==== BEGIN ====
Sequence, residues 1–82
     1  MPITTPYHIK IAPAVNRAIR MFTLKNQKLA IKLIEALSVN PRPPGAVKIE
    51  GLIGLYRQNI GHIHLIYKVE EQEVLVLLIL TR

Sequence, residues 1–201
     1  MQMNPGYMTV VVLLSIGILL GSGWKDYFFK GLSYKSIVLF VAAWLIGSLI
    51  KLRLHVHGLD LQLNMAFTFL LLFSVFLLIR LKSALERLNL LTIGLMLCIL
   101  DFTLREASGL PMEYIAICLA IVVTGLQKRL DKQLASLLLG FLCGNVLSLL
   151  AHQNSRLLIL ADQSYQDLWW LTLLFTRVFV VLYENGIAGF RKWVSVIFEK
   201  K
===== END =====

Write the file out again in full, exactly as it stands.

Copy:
Sequence, residues 1–82
     1  MPITTPYHIK IAPAVNRAIR MFTLKNQKLA IKLIEALSVN PRPPGAVKIE
    51  GLIGLYRQNI GHIHLIYKVE EQEVLVLLIL TR

Sequence, residues 1–201
     1  MQMNPGYMTV VVLLSIGILL GSGWKDYFFK GLSYKSIVLF VAAWLIGSLI
    51  KLRLHVHGLD LQLNMAFTFL LLFSVFLLIR LKSALERLNL LTIGLMLCIL
   101  DFTLREASGL PMEYIAICLA IVVTGLQKRL DKQLASLLLG FLCGNVLSLL
   151  AHQNSRLLIL ADQSYQDLWW LTLLFTRVFV VLYENGIAGF RKWVSVIFEK
   201  K